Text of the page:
A Journey Through Color – Coloratti Ashley Karyl
by Dave Mobbs – December 7th, 2016
Sooner or later, every photographer wonders why the colors in an image are all wrong and the questions always end with the same answer. They need a properly color managed workflow.
My photographic journey towards color management ironically started in black & white, as a young photographer in Milan. At the time, I loved shooting reportage style fashion that received considerable artistic praise, but not much paid work.
One day during a routine appointment at a magazine, the Art Director told me plainly that I should shoot clean color because that’s what clients want. It was absolutely true and within 12 months I became known for producing clean color beauty images of models.
One of my first advertising jobs was for Rimmel, who had a new line of products for which the color theme that season was grey. The client was continually taking the model outside the studio to see if the makeup artist was applying the correct tones, but in reality the final result was very much dependent on Kodak and the photo lab.
In those days, photographers had no means of influencing the color once the images left our control, since it was entirely up to the printer how they would look. However, all of that changed when we started scanning, retouching and producing digital prints.
On one hand it was fantastic, because we suddenly had the ability to remove small skin blemishes, unwanted hair or make eye colors appear more intense. However the burden of responsibility had shifted and mistakes were incredibly expensive.
This was a frustrating period, as the photographic industry was rapidly moving towards digital, yet most of the practices were primitive at best. I can remember the biggest professional photo lab in Milan naively adjusting their displays by eye to try and match their prints in the hope it would deliver better consistency.
As digital photography became the standard, we suddenly had more control than ever, yet ironically, many photographers have been unwilling to take advantage of these possibilities and continue leaving it all to chance. In reality, you only have a fully color managed workflow if it is maintained at every stage of the process, from capture to edit to print.
The demands on delivering perfectly retouched images with excellent color suddenly became the key priority. That is why I invested in my knowledge of color management, as the only practical means to ensure success of those goals.
A key breakthrough came from using the X-Rite ColorChecker Passport to shoot a custom white balance. It can also create camera profiles to ensure clean neutral color that respects the correct relative balance between colors under specific lighting conditions,. This cannot be achieved by standard profiles found in software like Lightroom.
At a certain point, I became frustrated by the amount of wildly inaccurate or highly technical information about color management. It was clear that nearly everybody was struggling, so I felt it was long overdue for somebody to write a book that explained everything in clear practical terms, which eventually led to the release of Colour Management Pro not long ago.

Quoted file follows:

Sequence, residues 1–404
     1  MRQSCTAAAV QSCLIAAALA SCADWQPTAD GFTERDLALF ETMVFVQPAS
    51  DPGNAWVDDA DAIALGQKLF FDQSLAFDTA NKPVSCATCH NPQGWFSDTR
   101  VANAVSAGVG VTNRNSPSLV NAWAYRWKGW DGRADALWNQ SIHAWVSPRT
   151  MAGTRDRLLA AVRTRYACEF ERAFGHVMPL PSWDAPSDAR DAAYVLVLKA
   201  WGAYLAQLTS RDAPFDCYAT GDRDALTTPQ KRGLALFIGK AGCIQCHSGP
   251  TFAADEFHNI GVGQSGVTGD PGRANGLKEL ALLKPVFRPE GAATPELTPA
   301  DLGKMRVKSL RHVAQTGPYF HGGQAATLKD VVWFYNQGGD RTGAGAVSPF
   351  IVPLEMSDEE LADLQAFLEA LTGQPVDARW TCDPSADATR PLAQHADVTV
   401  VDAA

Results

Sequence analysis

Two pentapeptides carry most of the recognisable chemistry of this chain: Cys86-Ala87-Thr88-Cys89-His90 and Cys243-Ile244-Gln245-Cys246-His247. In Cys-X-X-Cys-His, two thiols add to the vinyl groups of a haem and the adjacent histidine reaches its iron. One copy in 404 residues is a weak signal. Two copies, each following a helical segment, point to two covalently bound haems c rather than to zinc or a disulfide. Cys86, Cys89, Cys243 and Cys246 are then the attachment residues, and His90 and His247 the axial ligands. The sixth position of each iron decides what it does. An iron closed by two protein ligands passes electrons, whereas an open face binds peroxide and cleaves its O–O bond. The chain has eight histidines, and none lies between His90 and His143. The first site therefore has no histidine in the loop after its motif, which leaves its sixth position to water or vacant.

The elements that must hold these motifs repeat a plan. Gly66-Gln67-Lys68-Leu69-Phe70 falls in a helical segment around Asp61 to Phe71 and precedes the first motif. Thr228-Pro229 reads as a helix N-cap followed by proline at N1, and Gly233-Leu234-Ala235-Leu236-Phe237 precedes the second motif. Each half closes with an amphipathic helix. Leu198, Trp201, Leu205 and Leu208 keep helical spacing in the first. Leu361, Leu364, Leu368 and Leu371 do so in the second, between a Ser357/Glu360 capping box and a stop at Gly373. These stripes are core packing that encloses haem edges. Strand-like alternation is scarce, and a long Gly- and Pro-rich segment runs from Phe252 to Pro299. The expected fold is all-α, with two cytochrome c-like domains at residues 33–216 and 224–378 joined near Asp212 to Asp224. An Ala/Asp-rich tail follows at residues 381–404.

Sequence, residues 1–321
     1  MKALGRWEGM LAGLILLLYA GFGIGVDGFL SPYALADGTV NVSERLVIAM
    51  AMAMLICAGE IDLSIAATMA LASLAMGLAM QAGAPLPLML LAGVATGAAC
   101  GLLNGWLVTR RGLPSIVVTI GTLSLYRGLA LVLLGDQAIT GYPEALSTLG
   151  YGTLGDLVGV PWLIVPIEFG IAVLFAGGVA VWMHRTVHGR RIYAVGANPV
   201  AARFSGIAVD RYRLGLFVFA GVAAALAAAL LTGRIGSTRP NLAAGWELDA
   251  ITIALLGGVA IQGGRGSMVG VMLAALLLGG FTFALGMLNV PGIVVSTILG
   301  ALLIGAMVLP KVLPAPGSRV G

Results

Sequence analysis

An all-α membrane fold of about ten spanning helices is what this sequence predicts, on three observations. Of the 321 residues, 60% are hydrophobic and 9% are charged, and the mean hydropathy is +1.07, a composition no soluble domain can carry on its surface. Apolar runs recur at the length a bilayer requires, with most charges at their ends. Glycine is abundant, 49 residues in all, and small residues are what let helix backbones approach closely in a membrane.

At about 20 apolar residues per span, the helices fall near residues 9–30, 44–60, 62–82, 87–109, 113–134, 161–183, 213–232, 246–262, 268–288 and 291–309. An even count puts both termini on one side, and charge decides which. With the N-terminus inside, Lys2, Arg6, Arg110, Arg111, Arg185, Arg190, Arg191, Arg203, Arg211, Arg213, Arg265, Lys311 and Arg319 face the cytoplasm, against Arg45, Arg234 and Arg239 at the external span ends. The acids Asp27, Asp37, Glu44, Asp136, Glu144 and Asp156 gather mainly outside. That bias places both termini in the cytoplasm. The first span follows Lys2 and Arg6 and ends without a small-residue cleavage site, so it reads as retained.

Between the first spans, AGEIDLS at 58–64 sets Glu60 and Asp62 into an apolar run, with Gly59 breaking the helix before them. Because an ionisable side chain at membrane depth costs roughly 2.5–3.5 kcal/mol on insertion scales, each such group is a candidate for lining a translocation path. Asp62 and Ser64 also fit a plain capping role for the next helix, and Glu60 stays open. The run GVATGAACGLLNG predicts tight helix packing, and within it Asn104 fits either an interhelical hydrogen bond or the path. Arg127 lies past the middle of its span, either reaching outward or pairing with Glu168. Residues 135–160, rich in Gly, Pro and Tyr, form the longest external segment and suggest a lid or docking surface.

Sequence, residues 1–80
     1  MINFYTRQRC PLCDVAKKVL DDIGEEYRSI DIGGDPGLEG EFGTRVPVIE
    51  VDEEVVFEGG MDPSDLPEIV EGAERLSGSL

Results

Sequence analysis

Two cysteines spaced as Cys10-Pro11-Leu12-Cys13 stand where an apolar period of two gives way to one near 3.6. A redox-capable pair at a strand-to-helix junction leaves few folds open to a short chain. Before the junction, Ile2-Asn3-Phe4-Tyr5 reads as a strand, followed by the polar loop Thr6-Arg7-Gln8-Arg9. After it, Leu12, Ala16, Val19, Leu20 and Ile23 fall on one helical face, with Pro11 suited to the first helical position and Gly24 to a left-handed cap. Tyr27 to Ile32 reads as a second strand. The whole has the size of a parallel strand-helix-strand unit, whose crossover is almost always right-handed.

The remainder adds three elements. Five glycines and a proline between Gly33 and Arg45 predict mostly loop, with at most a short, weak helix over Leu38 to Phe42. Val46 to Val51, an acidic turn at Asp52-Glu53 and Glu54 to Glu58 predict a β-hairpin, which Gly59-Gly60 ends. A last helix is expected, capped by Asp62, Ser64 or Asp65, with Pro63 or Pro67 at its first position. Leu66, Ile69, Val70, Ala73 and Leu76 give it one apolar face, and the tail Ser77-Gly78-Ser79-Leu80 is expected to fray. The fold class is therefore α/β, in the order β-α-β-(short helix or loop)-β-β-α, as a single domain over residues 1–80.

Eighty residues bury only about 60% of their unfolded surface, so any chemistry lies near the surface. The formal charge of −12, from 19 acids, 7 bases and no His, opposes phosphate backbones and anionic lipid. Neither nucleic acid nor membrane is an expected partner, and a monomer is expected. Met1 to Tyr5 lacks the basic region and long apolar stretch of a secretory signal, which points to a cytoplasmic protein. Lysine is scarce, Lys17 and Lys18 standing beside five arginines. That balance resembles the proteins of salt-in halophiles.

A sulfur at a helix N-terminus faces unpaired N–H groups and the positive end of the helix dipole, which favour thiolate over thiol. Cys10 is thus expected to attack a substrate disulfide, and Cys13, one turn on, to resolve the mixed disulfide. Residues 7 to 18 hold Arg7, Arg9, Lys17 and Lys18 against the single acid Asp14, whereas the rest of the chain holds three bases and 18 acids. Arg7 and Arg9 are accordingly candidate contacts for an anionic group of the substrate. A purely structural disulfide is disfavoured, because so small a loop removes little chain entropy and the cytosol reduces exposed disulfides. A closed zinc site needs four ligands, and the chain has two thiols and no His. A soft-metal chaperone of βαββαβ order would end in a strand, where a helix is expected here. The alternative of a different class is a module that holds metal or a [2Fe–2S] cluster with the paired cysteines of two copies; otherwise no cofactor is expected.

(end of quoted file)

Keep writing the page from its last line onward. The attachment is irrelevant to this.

Recently, I started giving talks about color management to photography students at colleges and universities. This is a great opportunity to help the next generation of photographers produce consistently excellent color from day one of their careers.
When helping others to learn about color management, I feel it’s important to explain the process in relation to real world situations. My emphasis is on maintaining control at every stage, to guarantee consistency and cut down dramatically on lost time and costs in post production.
It comes as a real revelation to most people when they learn how easy color management can be if they follow some basic good practices, like setting a custom white balance and calibrating the display. At long last they can regularly produce the colors they want, while saving time and money.
Creatively, I am currently transitioning from commercial work to fine art photography and no doubt I’ll have a chance to shoot more black & white again. However this is still shot, edited and then printed on a color printer, so color management will be no less important than it is for color photography.
About Ashley Karyl
Known primarily for his beauty photography with advertising and editorial clients in the cosmetics industry, Ashley Karyl started his career in Milan and is now a UK-based photographer. His work has been used by clients who appreciate his graphically clean, fresh style of work and natural enthusiasm to ensure that the final image is always perfect for their needs.
Among others, his images have been used by clients such as Cerruti 1881, IO Donna, Collistar, J Walter Thompson, La Rinascente, Rimmel, Neutro Roberts, Kelemata, Kérastase, Marie Claire, Young & Rubicam, Ogilvy One, IPC Media, TBWA, Arnoldo Mondadori, Rizzoli, Euro RSCG, Microsoft, Hachette, Adidas, City Bank, JP Morgan Chase, Boots Group, Colgate Palmolive, etc.
Website – http://www.ashleykaryl.com